"...I'm spiritual, not relgious."

I've heard it.  And I know that you've heard it too.  It goes something like this, "I'm spiritual, but I'm just not religious."  And sometimes this is a mantra for people who really don't want to address their wither their situations or their concepts of what being a Christian really means.  But, sometimes it is something else all together.

I have more than one friend who is a genuinely faithful Christ-follower who loves God, worships Him, accepts the redemption and renewal of Jesus, believes the Bible and practices it's message as authoritative, and serves a global mission to express and live the gospel.  But for some reason or reasons has found identity with the 'church,' as we currently know it, extremely difficult.  And as such experiences faith and the practice of faith in an odd kind of public solitude.

This scenario is both painful and detrimental to me.  And I suspect (well, I've seen and heard the symptoms of it) that it is painful to them.  I'm sure that it is detrimental.

Christian faith is at it's core a collective experience.  Yes, even salvation is a collective experience.  It is a kingdom, body, family, experience.  If we are to use Jesus' description of rebirth or spiritual birth, it is birth into a family (as birth always is).  If we are to use the Apostle Paul's description of salvation, then it is a rescue mission, delivering one from a kingdom of darkness that is shared with those who are darkened.  But also a deliverance into a new kingdom of light where light is lived out in a kingdom of light.  A kingdom has always been a community.  It was a city state where life was reliant upon the teamwork of a group of people who shared a geographic locality, and who lived under the protection of a regional land-holder.  If we are to see redemption as our primary definition of salvation, then it is redemption from uselessness in a function that did not fit us into a function in a body that perfectly fits us.  While we experience conversion on an individual basis, it is fundamentally a part of the life of Christ's community of believers.  It is a shared experience.

And so the axiom, "spiritual but not religious," seems to me to epitomize a cataclysmic failure on our part, their part, on my part.  This parsing of terms is a revelation of our failure to be a Christ-like community.

Unfortunately, I don't know that I can blog a singular entry that will propose a complete solution.  Nor am I willing to suggest that I'm the right guy to fully identify the solution.  I am only saying that our community needs improvement.  Since I need improvement, we need improvement.  (This is just one expression of the community experience.)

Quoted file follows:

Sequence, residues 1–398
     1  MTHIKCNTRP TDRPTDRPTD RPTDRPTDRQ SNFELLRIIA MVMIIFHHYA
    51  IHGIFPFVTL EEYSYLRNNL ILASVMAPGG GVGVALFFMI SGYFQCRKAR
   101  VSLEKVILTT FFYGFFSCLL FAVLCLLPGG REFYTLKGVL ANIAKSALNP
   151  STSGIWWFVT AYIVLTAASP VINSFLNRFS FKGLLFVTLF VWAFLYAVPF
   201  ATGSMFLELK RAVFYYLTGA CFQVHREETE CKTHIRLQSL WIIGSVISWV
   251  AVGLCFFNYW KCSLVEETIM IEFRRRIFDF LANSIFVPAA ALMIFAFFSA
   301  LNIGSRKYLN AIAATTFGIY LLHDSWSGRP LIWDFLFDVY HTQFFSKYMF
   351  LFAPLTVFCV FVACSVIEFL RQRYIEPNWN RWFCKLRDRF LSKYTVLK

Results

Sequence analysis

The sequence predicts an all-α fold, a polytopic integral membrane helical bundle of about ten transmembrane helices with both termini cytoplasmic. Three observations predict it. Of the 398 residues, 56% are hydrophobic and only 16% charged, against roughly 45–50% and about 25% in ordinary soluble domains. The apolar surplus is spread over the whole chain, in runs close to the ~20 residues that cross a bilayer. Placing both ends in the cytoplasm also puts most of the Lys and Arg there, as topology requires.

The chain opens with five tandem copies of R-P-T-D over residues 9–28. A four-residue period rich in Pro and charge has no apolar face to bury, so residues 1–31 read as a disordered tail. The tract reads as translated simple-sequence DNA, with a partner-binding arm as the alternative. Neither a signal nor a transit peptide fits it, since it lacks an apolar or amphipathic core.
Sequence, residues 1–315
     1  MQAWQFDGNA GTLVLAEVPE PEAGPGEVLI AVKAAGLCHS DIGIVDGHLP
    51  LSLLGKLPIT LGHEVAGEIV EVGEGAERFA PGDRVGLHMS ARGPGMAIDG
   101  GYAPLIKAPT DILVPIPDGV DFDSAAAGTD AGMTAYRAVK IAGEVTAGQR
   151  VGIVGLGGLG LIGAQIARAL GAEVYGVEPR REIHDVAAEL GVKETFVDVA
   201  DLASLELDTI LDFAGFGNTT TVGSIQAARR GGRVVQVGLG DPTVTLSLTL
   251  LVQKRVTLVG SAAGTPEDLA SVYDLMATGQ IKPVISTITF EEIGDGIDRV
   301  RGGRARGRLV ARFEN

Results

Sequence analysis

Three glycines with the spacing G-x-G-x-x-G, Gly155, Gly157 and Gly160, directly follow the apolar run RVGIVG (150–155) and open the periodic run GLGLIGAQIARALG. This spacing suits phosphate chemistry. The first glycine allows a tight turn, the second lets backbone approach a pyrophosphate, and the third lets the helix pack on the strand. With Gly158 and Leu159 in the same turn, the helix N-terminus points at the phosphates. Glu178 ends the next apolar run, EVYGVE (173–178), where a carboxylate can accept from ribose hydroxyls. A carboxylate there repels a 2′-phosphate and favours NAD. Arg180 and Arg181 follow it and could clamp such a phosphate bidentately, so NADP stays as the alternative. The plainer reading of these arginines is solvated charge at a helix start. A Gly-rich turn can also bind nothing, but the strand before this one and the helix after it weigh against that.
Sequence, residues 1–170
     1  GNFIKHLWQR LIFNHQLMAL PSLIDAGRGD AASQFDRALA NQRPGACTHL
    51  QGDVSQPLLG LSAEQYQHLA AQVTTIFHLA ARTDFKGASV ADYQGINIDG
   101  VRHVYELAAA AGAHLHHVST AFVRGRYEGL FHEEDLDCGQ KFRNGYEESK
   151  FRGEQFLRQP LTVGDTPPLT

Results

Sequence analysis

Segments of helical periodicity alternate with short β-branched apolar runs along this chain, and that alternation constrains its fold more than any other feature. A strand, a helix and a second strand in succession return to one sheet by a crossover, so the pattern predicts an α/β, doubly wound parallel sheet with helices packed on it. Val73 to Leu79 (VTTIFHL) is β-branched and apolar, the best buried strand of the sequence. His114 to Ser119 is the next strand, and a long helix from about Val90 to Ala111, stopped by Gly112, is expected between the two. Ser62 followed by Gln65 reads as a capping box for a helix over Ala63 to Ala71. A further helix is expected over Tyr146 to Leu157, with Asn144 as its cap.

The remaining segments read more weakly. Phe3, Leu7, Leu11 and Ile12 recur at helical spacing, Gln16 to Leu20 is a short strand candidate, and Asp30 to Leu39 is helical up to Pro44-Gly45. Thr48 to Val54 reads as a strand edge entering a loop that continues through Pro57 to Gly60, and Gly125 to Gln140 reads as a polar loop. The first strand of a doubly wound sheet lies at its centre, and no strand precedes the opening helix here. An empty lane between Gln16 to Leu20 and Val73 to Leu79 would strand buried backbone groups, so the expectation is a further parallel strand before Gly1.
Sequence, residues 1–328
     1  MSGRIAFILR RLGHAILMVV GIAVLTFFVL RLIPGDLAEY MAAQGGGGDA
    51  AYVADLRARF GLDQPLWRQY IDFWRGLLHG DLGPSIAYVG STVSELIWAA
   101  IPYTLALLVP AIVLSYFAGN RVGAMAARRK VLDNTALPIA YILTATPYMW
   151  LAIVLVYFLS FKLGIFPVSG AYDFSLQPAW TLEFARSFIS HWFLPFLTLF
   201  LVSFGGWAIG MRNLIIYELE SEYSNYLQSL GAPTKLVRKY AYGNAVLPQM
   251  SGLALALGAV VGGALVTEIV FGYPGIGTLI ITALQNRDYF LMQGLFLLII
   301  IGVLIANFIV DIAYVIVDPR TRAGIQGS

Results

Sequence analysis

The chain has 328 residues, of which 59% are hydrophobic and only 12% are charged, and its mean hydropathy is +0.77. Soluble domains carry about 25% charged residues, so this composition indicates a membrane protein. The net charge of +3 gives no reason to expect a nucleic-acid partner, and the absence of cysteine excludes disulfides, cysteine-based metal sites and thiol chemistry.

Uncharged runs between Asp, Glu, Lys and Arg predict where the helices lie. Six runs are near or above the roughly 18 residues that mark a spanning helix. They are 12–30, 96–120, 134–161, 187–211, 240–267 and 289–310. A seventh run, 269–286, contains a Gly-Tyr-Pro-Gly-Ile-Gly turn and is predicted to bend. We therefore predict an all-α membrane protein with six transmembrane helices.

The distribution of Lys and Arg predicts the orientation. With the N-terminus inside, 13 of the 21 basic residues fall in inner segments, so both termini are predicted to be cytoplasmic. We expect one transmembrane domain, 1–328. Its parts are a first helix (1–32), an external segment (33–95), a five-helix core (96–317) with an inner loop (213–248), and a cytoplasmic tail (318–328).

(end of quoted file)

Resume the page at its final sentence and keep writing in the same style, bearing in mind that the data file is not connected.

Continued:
We must begin to do something to reunite these faithful ones with their community.  We must reconnect with our lost sheep.  (Not lost because they have become goats instead of sheep...  but because they are not living in and with the fold.)  There is a Christian expression that says that Satan looks for a vessel sailing with out a fleet.  And so our current propensity toward isolation appears to be a Satanic endeavor.

Life together is a gift.  It is not a curse or an obligation.  It is a gift.  It should seem as such.  And something about our ability to accept one another, forgive one another, spur one another on to love and good deeds, to encourage one another, to pray for one another...  something about these elements of Christian community must again become desirable.  We must shed the deception of the enemy of our souls who wants to delude us/them into a modern individualism and separate us/them from God's kingdom, His family, His body.  We must pursue wondering sheep, welcome them, love them, understand them, include them, rely on them.  We must make Christian community a gift that we give to them and to ourselves.  And we must preserve it.

It may seem uncomfortable as we begin to pursue it, but it will prove to be beneficial as we learn to live it.

I turn to Dietrich Bonhoeffer for one final thought.  As he wrestled in Life Together with the practice of confession of sins to one another, he laid out these thoughts:
"The Christian needs another Christian who speaks God's Word to him. He needs him again and again when he becomes uncertain and discouraged, for by himself he cannot help himself without belying the truth. He needs his brother man as a bearer and proclaimer of the divine word of salvation. He needs his brother solely because of Jesus Christ. The Christ in his own heart is weaker than the Christ in the word of his brother; his own heart is uncertain; his brother's is sure."
Christian community is a gift.  As image bearers of God, our triune creator, we are made for relationship with one another.  Christian community is a gift given to us by God.  We dare not refuse it.


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